The media had muckled onto the story of a tiny island community that decided to bring its message of community to an injured New York. Our arrival at the New Victory Theater on the afternoon of Sept. 29 was a media event. As we exited our rather luxurious bus, flashbulbs popped, video cams came at us from assorted directions, tiny reporters’ notebooks were at the ready, and a stunned gathering of bystanders almost perceptibly ran brain scans to try to fit names to the 50-plus faces that were streaming off the huge white bus. Some asked for autographs, perhaps thinking that a visible reminder would give them a hint as to what all this attention was all about. It didn’t. As one cast member keeps saying: “But it’s just us!”

A grueling, excruciatingly bad technical rehearsal in the afternoon left us drained and wondering what on earth we thought we were doing. Meanwhile, television crews remained outside the security-tight building (the cast and crew were required to wear badges) interviewing various cast members. Foy Brown, who was making a special appearance as himself for the “Joy of Foy” number, remained outside the theater while theater personnel scrambled to find another badge for Foy’s wife, Viola. The media seized the occasion to interview him. One of our favorite quotes issued from this opportunity: “We found it all right, just went straight down I-95,” when asked how he found New York. (Had we known the humor was outside the theater, we probably would have bagged the performance and all jumped ship.)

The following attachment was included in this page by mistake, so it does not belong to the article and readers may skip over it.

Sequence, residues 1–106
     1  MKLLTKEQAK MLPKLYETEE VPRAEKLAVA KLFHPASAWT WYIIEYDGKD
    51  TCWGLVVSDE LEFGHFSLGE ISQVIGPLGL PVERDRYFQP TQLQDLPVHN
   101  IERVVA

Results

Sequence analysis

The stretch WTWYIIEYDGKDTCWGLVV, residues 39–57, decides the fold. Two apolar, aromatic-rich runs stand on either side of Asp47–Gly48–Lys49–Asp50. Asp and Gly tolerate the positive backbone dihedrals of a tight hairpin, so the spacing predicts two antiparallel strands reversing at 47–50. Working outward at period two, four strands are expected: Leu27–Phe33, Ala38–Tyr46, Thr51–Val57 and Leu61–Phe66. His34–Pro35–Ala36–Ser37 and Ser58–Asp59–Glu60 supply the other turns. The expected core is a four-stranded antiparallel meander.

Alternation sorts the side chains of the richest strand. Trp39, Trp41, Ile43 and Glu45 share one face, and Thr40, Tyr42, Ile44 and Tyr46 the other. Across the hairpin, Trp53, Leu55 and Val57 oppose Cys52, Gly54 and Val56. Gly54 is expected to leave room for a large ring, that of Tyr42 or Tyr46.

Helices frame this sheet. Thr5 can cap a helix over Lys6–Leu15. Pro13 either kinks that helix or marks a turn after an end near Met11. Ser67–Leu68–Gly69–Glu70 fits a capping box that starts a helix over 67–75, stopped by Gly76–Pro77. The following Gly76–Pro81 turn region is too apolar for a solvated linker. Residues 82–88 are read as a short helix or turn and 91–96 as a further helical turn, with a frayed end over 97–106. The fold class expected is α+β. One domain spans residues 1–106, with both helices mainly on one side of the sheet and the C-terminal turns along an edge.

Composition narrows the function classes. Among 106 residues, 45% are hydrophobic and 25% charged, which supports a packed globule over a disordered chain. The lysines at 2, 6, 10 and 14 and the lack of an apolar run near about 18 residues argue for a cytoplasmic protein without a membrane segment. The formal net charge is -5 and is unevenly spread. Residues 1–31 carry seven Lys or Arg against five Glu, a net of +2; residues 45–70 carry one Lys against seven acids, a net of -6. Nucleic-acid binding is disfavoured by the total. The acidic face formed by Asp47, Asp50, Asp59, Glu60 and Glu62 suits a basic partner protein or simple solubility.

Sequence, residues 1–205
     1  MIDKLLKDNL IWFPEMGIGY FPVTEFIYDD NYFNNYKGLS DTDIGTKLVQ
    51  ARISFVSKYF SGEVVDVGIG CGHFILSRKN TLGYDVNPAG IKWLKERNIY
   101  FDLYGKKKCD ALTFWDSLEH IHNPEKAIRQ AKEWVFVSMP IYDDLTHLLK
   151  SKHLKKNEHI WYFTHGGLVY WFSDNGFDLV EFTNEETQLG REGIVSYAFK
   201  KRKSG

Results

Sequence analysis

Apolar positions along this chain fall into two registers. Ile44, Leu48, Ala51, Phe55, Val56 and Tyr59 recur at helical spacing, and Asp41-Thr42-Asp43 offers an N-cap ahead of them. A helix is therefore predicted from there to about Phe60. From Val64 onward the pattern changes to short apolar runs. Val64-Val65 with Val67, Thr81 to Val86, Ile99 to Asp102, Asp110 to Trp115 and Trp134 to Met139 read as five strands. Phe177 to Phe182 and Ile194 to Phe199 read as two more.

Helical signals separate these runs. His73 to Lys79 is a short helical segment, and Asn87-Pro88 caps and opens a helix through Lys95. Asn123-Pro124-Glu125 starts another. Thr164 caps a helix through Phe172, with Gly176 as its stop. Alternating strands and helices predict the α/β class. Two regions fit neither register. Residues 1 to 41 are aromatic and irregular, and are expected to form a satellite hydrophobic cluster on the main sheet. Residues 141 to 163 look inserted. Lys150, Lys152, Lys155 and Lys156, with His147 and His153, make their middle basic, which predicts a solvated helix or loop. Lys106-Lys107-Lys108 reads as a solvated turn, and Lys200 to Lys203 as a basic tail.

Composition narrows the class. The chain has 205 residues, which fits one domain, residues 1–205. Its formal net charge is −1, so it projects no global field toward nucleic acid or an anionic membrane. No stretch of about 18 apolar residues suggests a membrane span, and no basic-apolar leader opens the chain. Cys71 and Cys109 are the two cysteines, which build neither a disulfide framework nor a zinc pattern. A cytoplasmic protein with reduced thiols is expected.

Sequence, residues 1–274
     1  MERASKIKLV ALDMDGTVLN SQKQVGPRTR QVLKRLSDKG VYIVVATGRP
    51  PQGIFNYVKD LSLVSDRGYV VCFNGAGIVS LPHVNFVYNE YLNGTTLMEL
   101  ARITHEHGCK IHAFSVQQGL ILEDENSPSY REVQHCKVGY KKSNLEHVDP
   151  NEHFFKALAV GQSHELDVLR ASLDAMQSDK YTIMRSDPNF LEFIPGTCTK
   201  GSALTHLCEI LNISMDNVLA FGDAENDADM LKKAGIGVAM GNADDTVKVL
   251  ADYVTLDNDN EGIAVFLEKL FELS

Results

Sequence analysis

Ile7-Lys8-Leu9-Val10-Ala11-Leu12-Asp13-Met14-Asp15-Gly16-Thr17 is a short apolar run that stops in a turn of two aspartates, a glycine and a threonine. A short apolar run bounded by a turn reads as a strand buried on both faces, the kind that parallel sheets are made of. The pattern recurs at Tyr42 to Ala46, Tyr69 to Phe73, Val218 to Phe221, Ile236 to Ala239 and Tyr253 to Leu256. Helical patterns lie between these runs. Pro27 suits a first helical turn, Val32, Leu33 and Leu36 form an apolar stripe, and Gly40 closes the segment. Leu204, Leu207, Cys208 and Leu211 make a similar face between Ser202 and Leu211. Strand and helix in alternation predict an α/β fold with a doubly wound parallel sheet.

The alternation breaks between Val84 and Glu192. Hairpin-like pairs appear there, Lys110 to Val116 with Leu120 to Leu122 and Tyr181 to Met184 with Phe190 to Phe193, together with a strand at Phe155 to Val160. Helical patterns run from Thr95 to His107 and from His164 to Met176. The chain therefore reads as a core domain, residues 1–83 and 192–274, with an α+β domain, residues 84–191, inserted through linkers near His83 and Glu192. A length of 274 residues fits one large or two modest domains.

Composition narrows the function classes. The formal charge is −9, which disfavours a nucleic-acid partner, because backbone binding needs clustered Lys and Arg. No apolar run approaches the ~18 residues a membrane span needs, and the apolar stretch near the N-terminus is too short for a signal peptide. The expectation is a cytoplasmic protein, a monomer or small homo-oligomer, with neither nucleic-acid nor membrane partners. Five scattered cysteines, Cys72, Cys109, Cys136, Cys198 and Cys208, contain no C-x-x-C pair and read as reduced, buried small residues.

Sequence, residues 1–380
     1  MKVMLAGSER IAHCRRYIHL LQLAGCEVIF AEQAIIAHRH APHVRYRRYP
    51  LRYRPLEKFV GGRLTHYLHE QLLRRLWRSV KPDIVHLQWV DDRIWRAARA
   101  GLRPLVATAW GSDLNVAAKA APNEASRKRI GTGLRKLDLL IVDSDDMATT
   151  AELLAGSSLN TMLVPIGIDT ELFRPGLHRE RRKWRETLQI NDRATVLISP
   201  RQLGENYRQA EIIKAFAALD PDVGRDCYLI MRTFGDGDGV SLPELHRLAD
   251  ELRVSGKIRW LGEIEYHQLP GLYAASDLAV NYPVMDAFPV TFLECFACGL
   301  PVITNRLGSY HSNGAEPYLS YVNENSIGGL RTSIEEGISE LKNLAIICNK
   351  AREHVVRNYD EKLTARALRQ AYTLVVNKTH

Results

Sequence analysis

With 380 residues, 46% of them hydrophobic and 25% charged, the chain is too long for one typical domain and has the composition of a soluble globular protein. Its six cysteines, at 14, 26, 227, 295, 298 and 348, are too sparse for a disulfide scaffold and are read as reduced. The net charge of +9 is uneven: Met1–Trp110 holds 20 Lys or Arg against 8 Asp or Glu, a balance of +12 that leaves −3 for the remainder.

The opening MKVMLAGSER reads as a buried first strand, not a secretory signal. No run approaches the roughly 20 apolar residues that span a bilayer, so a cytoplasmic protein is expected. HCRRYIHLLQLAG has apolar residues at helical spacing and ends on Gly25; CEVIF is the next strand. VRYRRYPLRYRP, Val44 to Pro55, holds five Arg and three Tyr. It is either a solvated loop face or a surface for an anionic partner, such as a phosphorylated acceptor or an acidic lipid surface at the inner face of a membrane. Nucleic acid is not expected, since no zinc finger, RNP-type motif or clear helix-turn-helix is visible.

Our call was 7 p.m. for an 8 p.m. performance. Aaron Robinson, our intrepid musical director, jump-started the cast and crew during warm-ups. His reassurance, and that of John Wulp’s, bolstered our courage, though some of it leaked away again while we waited in the dressing rooms. The dressing rooms were actually equipped with makeup lights, lots of counter space and chairs, toilets, showers, ironing boards and irons, plugs for hair-dryers – a world away from the storage bays at the gym on North Haven where all our previous full performances had taken place.

When we got in line to go onstage at the New Victory Theater, most of us were in a bemused state. An aura of unreality permeated the atmosphere, and the enforced backstage quiet was effortless. Once again, there was the thought “what on earth are we doing here?”.